This message is about how to add multiple window support to SDL. It is
not about how to do multiple windows using the current version of SDL.
Last fall I spent a lot of time working on adding multiple window
support to SDL. I got as far as having a version of SDL that can create
multiple top level windows under X. (I work on Linux so X was it.) I
stopped working on it at Christmas time and and have been mostly not
working on it since.
The main reason for not working on it is that I don’t like the solution
I have come up with for a problem I ran into when I started looking at
adding multiple window support for devices that don’t have a window
manager. SDL works just fine on any device that has a dumb frame buffer.
It just takes over the screen and lets you blit to it and do what you
One of the reasons that SDL applications are so portable, and why SDL is
so portable, is that it treats a window as just another dumb frame
buffer. To SDL everything is just a collection of pixels. (Sure, I’m
ignoring OpenGL right now, so don’t worry about it.) The key is that SDL
only gives you one visible surface and it treats every visible surface
as a frame buffer that might change size once in a while. This feature
of SDL is a glorious thing.
So, when I started adding multiple windows to SDL I just extended that
concept. I added APIs to let you create more than one window and added a
window ID to events. This worked great. And, it looks like it can be
extended to support sub-windows within top level windows.
The problem comes when you start to add multiple window support for
things like the frame buffer driver or the DGA driver. A window on X or
MS Windows is embedded in a desktop. Each SDL window is just another
window on the desktop. It may, or may not, have a border and window
decorations. But, the key is that every top level SDL window is actually
a sub-window of the desktop’s root window. The trouble with implementing
multiple windows on the frame buffer or DGA driver (and I expect the new
ipod driver) is that there is now root window. There is only the frame
buffer and SDL takes over the whole thing.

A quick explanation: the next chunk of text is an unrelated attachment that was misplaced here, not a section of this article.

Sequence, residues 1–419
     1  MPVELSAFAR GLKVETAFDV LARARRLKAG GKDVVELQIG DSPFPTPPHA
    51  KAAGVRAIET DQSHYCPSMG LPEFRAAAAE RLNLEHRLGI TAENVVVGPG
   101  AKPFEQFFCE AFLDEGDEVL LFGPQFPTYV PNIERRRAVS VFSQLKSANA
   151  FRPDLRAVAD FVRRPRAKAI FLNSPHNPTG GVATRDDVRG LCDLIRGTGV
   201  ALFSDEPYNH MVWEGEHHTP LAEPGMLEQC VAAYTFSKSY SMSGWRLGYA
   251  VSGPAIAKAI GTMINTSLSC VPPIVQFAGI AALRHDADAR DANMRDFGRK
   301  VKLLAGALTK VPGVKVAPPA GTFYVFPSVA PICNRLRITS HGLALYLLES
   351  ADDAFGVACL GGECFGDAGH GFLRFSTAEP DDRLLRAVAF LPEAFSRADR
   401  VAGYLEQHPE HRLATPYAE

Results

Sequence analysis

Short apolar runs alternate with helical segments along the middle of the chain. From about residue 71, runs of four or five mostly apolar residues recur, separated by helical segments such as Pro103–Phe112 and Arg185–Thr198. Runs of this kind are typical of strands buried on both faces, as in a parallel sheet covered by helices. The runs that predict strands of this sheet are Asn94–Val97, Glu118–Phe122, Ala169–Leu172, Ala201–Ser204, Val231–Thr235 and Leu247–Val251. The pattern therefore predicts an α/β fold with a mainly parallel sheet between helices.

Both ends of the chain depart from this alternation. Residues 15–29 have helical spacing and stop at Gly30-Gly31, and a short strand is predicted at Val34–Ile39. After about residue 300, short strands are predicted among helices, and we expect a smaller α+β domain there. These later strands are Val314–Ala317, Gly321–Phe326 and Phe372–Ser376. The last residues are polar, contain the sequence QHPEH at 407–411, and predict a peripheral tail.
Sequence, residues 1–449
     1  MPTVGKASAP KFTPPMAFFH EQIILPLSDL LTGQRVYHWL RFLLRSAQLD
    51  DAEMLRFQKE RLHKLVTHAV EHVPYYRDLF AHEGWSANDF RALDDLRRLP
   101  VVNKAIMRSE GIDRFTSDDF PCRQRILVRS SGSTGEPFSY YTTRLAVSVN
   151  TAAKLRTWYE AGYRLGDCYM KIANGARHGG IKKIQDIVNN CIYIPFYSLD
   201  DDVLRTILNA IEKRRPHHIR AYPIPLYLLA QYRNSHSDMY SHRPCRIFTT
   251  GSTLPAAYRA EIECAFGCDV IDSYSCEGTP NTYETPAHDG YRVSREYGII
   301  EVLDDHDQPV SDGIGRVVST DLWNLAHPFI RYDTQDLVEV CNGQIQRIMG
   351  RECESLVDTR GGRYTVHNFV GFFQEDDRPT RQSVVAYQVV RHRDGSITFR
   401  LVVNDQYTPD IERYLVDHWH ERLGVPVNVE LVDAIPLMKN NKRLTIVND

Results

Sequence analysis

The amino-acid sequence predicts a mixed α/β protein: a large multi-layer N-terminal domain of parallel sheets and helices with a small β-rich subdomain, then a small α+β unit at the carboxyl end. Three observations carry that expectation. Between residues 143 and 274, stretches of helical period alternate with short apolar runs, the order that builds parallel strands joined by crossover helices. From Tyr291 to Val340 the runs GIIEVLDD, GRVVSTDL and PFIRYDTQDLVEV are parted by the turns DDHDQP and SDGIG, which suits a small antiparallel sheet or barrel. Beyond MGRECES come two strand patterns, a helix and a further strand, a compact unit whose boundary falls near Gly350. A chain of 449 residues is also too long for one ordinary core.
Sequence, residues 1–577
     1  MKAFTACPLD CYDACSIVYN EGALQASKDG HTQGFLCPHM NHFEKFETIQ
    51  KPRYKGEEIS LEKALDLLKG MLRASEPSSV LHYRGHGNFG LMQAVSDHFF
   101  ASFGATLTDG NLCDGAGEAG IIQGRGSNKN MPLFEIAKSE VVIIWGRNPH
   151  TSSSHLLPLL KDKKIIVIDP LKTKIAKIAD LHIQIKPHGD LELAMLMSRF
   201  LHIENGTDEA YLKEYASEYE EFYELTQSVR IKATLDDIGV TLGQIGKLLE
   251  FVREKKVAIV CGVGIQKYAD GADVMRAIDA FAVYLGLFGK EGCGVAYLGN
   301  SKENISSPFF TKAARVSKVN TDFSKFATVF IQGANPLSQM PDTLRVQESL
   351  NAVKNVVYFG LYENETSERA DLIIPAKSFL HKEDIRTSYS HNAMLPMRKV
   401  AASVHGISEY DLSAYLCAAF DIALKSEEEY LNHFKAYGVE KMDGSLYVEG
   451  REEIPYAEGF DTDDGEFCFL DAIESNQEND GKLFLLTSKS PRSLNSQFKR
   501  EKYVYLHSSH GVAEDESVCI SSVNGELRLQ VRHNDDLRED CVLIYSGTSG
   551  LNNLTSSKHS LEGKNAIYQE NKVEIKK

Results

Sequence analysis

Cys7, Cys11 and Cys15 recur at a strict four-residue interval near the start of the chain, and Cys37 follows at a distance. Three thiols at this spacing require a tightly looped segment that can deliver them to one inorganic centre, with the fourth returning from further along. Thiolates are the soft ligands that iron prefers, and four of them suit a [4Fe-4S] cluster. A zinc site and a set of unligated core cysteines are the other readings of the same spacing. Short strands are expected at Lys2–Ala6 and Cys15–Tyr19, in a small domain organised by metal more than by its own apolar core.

So, in that situation what do you do when someone asks to create a new
top level window after they have already created a top level window
(which is the whole screen)? I’m stuck in a box here and I need someone
to open a window for me so I can get out of the box.
I see several different ways to go in solving this problem:
1)Treat the whole frame buffer as the top level window and create SDL
windows that are embedded in it. That is, duplicate many of the
functions of a window manager in side SDL. This approach would allow SDL
applications to be portable across operating systems and devices. I’m
not sure how much code would be needed because I’m not sure how many new
functions would have to be added.
On the down side, this approach requires that the new API include
functions for manipulating the root window (functions that may not work
on windowing systems) or requires that we select a fixed background for
the root window. It also requires that we provide an SDL standard window
border and decorations for windows. I get really nervous about our
ability to make a decision about the look and feel of an SDL “window
manager”. But, I get even more nervous about the API and code bloat
involved in making all this stuff customizable by the application.
Perhaps we should only support borderless windows and make the
applications draw the border and window decorations allowing that part
of the problem to be pushed off onto a library rather than forcing the
code to reside in SDL.
Only allow a single top level window no matter what the underlying
system but support sub-windows on all systems. This approach can be
implemented on all devices and on devices with window managers it is
almost as flexible as having multiple top level windows. But, again, we
get into the problem of having to supply something like a window manager
inside of SDL with all the potential problems that that entails.
Treat the multiple window API the same way we currently treat OpenGL.
If you aren’t on a system that supports OpenGL, you don’t get to use it.
So, we could limit the multiple window API to only work on systems with
a windowing system.
I have also considered that on a frame buffer devices each top level
window could be a full screen window so that only one window and its
sub-windows visible at a time. This would be very much like option #2.
I would love to hear any suggestions, comments, or alternate approaches.
I am not particularly happy with any of these solutions. Solution #3 is
the easiest to implement. The other solutions all have pretty much the
same level of difficulty.